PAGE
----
Food & Wine
Each region of Italy has a distinct cuisine that incorporates local ingredients. Northern Italian fare is characterized by the use of butter, rice, corn, cheese and cream sauces. Polenta and risotto are popular dishes, and game, sausage or wild fowl such as rabbit or quail are typical main courses.
Much of what the rest of the world considers Italian food hails from the central regions of Italy. World-famous cheeses, savory cured meats and rich tomato sauces are found here. Wild boar is popular is Tuscany and Umbria; seafood is popular along the coast.
The south is home to citrus fruits, olive groves and vineyards. Here you will find robust and spicy tomato sauces and a greater use of olive oil and garlic in cooking. Southern Italian cooking relies heavily on seafood due to its proximity to the fishing waters of the Mediterranean Sea -- everything from tuna to sea urchins is used.
Like the food, Italian wine varies depending on the region. In general, Italian wines tend to hint at subdued, earthy aromas and are medium-bodied with high acidity.
Dining reservations are only necessary at the finest and generally most expensive restaurants. By Italian law, the gratuity is included in the bill, and extra tipping isn't necessary.
From a leisurely gondola ride in Venice to late-night dancing in a Tuscan piazza, virtually every moment in Italy is tinged with romance and passion. Breathtaking architecture, age-old palaces and cathedrals, and miles of stunning countryside and coastal beauty make even a simple stroll with your loved one seem like something out of a movie. Live music in parks and gardens are common during the summers and are perfect for an enchanting night out, while couples might also try one of Italy's famed tearjerker operas after enjoying a wine-laced dinner. The Amalfi Coast and Lake Country are ideal for couples looking for an intimate escape, but the eternal city of Rome and the cosmopolitan backdrop of Milan also offer plenty of places for lovers to get lost in. Now that's amore!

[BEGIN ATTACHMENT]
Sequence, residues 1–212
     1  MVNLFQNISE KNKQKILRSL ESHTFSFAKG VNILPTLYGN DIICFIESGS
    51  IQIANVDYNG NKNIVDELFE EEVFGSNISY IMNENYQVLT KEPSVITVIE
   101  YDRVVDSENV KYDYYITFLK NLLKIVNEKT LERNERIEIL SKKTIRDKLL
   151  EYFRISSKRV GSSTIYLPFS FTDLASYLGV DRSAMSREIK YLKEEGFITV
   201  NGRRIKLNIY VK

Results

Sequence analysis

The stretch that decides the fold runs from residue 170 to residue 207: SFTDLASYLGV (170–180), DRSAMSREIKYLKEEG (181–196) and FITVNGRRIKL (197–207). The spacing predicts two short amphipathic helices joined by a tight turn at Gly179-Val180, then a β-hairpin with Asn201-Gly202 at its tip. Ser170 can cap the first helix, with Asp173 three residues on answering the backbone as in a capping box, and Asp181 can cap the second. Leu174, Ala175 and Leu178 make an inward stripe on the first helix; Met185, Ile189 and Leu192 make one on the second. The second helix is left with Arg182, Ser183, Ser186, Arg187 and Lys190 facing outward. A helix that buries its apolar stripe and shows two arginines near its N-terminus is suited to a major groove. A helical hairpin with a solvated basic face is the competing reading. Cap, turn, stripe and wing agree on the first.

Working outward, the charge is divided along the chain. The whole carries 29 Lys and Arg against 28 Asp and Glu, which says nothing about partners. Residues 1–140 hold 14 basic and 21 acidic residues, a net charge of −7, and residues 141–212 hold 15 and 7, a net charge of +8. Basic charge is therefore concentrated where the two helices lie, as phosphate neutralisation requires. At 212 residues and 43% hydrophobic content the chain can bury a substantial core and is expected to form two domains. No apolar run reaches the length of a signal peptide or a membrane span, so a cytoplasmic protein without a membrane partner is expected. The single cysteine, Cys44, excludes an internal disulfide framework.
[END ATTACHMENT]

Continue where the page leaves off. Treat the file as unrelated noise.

More so than any other country, Italy is recognized for the astounding art it has produced over the centuries. A UNESCO study placed 40% of the world's art in Italy. Italy's past and present can be traced by the archaeological sites, preserved architecture, museums and public art that are found throughout the country. From the works of prehistoric civilizations and the Roman Empire to late medieval and neoclassical art, Italians have cemented their place in the art world. The arts particularly flourished during the Italian Renaissance with artists like Michelangelo, Leonardo and Raphael leading the movement. Other significant styles include Gothic, Mannerism, Baroque, Rococo, Macchiaioli and Futurism.
The Galleria degli Uffizi in Florence is the most popular art museum, which features the country's extensive Renaissance collection including works such as Botticelli's "Birth of Venus" and Titian's "Venus of Urbino." Other museums include Florence's Galleria dell'Accademia, dedicated to the works of Michelangelo and home to the artist's famous statue David, and the Vatican Museums which span nearly 9 miles and feature the art of Leonardo da Vinci and Raphael, as well as Michelangelo's Sistine Chapel ceiling.
As their country is home to famous fashion houses such as Valentino, Versace, Cavalli, Missoni and Dolce & Gabbana, it's only fitting that the people of Italy savor fashion and look good doing it. Italians dress with care and confidence, but there is an artful sense of effortlessness -- nothing is too "put together." Italian clothing is tailored and detailed and celebrates the subtle sensuality of the wearer.
Milan is one of the world's most important fashion capitals and hosts a spring and fall Fashion Week every year where designers, models, celebrities and industry legends gather to worship the catwalk. Fashionable stores with quality pieces can be found all over Italy, but Milan yields the most options.
For the most part, Italians are warm and friendly and treat tourists with a good amount of courtesy. Most speak some English and are always willing to recommend the best places to grab a meal or drink. If you don't speak Italian, you might use a few Italian words such as "buongiorno" and "grazie" to show that you're making an effort to communicate in the local language, which is often appreciated.